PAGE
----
Sir Ken Robinson, an expert on creativity, offers a ‘creative view’ of education and its role in development and learning.
I believe that the public education model that we currently use for mass education is based on the industrial approach to production. That is, how would F.E. Taylor design the most cost effective model for mass production? We have succeeded in providing a ‘factory’ which we are now attempting to standardize through ‘quality control’ metrics like standardized tests. After Columbine, Leon Botstein, president of Bard College, wrote an editorial comment for the New York Times stating that the reason we have high schools is because adults really don’t like adolescents very much. We send them to these massive warehouses for ‘storage’ during the day. (“Go there because the people there will know what to do with you.”)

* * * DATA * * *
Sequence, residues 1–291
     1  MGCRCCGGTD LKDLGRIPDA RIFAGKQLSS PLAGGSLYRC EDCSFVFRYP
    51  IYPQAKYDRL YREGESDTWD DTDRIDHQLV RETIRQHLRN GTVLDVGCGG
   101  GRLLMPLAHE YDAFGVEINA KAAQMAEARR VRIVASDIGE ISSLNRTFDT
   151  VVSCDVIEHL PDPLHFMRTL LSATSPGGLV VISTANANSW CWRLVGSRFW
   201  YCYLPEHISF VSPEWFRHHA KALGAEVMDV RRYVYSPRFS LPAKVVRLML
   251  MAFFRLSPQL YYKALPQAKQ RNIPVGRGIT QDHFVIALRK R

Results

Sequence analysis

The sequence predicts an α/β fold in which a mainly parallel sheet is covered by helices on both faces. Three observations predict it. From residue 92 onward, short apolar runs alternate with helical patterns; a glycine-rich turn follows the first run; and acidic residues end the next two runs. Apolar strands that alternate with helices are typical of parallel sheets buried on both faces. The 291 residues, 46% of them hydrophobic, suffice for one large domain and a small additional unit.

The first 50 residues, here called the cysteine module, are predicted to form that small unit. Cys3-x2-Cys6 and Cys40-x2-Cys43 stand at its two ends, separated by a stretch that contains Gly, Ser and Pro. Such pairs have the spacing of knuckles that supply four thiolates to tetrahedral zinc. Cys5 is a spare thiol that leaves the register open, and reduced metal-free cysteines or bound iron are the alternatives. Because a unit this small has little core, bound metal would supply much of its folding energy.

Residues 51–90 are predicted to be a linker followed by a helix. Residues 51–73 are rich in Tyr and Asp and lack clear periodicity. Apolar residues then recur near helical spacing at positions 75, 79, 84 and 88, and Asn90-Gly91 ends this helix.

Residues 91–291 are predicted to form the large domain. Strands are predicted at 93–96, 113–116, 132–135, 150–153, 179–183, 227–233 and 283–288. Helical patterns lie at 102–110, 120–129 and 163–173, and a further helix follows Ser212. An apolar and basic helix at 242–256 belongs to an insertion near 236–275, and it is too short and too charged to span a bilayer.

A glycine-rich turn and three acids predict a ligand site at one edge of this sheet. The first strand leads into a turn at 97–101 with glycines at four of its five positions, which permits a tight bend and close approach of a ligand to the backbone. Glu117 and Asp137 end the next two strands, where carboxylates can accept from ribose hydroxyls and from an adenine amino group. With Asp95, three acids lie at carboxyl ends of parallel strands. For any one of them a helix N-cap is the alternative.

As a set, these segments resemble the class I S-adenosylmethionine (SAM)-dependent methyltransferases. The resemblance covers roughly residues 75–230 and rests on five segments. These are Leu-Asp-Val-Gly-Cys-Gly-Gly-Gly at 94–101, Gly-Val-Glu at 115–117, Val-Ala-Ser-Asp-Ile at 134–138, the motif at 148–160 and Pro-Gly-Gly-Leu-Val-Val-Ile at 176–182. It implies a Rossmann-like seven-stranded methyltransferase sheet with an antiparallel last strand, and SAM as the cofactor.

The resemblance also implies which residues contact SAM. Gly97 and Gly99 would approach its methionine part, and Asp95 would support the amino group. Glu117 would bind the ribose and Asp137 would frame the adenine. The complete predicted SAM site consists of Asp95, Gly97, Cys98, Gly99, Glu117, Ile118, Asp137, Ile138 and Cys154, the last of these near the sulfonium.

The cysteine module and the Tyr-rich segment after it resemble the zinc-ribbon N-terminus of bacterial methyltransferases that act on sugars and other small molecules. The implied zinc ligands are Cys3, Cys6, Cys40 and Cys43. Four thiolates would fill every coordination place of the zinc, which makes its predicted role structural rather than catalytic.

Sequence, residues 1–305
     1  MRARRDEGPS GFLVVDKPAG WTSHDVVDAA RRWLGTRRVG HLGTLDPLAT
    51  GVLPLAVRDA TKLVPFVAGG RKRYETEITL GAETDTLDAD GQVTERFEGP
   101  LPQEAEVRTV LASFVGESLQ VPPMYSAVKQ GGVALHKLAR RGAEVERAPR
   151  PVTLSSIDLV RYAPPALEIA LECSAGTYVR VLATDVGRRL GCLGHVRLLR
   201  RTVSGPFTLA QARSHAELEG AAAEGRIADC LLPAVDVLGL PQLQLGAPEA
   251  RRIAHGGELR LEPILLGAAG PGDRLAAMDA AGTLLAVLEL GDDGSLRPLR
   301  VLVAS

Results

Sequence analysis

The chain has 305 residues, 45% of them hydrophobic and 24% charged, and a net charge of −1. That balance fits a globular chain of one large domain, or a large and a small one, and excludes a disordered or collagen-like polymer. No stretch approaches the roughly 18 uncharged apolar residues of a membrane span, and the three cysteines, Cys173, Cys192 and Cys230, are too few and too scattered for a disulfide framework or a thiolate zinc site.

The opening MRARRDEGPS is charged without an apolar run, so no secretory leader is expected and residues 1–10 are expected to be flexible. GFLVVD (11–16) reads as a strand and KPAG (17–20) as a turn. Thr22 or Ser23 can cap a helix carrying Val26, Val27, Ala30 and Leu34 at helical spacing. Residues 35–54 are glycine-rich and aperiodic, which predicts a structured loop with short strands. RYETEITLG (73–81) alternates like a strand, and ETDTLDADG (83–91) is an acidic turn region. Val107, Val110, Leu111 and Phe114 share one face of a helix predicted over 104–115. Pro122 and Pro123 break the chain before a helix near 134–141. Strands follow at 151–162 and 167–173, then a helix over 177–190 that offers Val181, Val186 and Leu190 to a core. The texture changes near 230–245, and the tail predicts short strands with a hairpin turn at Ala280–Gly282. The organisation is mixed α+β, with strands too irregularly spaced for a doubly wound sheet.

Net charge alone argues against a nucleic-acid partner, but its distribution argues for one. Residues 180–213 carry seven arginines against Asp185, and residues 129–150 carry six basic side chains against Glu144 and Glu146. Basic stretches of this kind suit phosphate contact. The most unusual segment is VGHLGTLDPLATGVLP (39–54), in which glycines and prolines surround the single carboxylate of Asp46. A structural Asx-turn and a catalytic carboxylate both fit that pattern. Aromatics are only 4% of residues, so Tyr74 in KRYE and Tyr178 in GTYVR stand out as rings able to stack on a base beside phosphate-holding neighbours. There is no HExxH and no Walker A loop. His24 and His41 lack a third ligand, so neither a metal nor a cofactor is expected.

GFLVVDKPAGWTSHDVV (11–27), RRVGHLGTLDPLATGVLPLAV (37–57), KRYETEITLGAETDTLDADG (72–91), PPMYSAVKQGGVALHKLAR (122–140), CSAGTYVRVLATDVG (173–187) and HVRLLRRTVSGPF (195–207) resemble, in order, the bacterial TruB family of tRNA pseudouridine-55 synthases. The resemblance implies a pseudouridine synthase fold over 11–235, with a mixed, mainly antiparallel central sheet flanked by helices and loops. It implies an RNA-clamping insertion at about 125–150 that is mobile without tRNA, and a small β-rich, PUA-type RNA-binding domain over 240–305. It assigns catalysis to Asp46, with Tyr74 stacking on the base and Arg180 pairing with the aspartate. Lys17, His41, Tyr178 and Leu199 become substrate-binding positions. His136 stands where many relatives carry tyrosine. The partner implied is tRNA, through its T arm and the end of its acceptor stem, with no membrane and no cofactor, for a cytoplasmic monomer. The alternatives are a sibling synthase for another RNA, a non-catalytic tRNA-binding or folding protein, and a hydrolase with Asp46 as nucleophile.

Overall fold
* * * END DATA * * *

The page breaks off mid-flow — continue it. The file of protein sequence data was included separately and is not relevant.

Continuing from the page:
Juxtapose that with the blog post of a Pennsylvania teacher who belabors the obvious . . . teenagers at times can be disrespectful, surly, ungrateful, lazy human beings.
Without addressing the realities of developmental psychology or adolescent angst, the system we engage to process education at the K-12 level may exacerbate the situation. Real growth and learning is best accomplished through intense one-on-one engagement with an adult who closely guides the development of the neophyte. One could argue that learning is actually impeded by current system of education.
Having said all that, Sir Ken Robinson is a creativity expert . . . What else defines education and learning in addition to creativity?